Most foreigners believe that Americans stay in high school well into their 30s, since that's the average age of the actors who play students. Whether it's cute looking vampire types in Buffy, or the louder-than-a-car-alarm-screechers in Glee, there are always more crows feet than pimples and many will be leaping from their final year straight into social security.
It's been well established that this trend is because it's a violation of Federal law to work in acting before the age of 25. Right? Or maybe it's impossible to find good teenaged actors to play teenagers? No? Actually, I think it's because Americans are sorely nostalgic for their high school years, and since most of these shows are targeted at 16-35 year olds, it makes the younger audience feel more mature and the oldies feel like they fit in.
Needless to say, you'll never see teenagers play teenagers at high school. Next!
Cliche #1 (b):
Additionally, at American schools there are only two subjects studied: cheerleading and football. You will fail in life if you don't excel in one of these.
When movie characters watch TV, they only ever tune into black and white films. This is partly to avoid breaking the fourth wall and showing an actor who may be current. Or maybe it's to do with avoiding licensing fees by showing out-of-copyright clap-trap.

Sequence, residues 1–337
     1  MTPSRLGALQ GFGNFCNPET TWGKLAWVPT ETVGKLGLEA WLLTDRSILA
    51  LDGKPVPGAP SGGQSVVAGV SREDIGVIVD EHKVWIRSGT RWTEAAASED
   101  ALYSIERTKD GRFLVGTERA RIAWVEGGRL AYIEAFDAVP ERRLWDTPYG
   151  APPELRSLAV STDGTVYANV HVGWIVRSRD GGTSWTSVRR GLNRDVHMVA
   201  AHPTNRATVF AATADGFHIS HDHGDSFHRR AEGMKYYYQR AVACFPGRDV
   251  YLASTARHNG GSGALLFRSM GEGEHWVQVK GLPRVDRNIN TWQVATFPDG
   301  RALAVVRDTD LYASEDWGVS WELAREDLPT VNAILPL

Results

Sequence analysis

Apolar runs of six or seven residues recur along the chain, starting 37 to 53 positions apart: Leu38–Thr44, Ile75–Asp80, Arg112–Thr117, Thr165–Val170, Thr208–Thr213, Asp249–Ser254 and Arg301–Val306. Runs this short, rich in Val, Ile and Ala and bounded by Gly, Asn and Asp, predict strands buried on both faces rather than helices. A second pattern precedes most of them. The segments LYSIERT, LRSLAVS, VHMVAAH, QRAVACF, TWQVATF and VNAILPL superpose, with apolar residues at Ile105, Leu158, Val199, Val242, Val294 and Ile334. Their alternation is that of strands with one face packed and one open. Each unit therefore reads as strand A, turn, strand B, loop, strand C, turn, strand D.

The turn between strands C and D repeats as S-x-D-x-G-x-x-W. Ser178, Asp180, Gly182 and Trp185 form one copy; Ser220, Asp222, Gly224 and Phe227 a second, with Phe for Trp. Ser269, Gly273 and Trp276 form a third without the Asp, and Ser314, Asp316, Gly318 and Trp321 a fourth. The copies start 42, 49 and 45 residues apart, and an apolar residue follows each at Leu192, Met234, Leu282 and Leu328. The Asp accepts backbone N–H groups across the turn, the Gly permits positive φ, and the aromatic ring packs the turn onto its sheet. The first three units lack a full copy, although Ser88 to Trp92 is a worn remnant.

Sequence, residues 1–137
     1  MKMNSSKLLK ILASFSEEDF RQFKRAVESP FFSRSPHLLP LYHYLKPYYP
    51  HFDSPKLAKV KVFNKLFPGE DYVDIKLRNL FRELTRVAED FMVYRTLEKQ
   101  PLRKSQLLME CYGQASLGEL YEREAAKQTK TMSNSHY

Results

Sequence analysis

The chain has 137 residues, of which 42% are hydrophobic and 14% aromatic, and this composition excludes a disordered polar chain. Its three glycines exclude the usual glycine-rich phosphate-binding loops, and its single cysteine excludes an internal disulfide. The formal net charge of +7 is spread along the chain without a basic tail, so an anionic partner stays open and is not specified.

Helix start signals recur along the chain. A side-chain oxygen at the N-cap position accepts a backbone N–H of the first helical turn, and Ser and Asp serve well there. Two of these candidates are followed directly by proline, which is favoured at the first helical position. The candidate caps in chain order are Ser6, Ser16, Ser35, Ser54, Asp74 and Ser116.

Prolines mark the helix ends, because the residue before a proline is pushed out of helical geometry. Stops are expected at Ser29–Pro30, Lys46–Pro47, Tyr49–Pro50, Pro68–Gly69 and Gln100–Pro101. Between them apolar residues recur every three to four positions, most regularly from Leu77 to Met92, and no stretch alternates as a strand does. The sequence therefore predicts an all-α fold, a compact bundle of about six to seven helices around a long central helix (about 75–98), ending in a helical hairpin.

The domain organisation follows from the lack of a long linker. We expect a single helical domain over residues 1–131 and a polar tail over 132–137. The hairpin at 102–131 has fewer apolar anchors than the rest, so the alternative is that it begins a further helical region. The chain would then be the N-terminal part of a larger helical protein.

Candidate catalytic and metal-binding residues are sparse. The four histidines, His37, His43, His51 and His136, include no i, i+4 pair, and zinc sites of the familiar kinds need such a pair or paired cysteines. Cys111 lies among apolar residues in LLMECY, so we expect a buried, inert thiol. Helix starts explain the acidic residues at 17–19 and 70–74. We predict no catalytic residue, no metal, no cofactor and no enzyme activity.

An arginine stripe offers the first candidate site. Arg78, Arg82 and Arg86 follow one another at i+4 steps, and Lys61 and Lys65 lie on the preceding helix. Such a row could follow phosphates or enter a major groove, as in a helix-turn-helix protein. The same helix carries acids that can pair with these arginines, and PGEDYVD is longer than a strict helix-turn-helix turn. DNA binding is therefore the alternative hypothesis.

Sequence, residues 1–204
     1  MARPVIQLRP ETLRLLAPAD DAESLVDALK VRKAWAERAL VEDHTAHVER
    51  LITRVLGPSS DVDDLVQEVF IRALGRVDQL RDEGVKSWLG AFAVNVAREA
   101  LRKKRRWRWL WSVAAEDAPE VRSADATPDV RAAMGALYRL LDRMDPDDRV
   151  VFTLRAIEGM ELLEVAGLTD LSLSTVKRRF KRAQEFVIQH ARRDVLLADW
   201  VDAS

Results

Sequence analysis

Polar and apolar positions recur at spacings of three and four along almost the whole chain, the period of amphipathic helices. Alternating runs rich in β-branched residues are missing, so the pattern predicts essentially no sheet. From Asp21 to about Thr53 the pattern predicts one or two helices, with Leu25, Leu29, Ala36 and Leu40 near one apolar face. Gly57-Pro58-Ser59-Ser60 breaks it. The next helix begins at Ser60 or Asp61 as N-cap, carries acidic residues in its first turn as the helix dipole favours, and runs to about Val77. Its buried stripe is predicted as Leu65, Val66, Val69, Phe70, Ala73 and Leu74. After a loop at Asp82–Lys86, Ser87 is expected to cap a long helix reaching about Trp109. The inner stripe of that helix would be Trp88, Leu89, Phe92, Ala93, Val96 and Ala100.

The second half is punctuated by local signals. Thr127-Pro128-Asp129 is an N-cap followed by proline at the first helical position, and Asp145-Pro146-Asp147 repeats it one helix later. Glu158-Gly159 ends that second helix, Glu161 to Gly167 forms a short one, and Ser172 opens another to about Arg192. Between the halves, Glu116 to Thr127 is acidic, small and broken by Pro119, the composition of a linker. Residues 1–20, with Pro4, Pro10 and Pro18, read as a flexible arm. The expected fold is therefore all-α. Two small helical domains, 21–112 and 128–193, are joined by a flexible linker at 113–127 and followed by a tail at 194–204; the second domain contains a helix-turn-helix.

I particularly like the clip used in Home Alone which is a nod to this cliche - especially since it wasn't a real black and white film.
If you've ever attended First Aid training, you need to forget all that immediately since it doesn't work. Here are the real ABCs, according to Tinseltown:
- Audience: tell everyone to step back as you check for a heartbeat, but only after ripping off the person's shirt and pounding away on their chest while getting exasperated.
- Berating: after several minutes of beating the crap out of the soon-to-be dead, and giving them several zaps from one of those electric things with paddles ("CLEAR!"), start yelling and preferably even assaulting the corpse for "giving up" too soon.
- Commitment: to the Oscar statuette, as you focus on giving the performance that will get the Academy all excited. Violently fight back against people trying to pull you away, let the tears start gushing, and demand the person comes back to life until they take that life-saving reviving breath.
Guns are such an uber-class of cliche that's almost impossible to know where to start.
Needless to say, Hollywood guns never jam or run out of bullets, and you shouldn't worry too much about being shot because they're really not that dangerous. Especially since most bullets drift towards shoulders or other supposedly non-lethal areas, or can be blocked with any book that you'll naturally keep in your top inside pocket. And if you're Mel Gibson, you can be filled with more holes than a swiss cheese and still be fine, though it may make you anti-semitic or violent towards women.
Hollywood always recommends storing guns safely - like in the belt of your pants - and make sure you always chamber a round before shoving it in there. If the bad guy is in a car, bullets hitting the windshield will always land in his forehead, but you can also make the car blow up by aiming for the gas tank instead. If the good guy is in the car, it will be like an impenetrable fortress, so don't even bother shooting.
Bad guys always shoot superheroes like Robocop and Spiderman in their heavily-armored torsos rather than going for the face shot.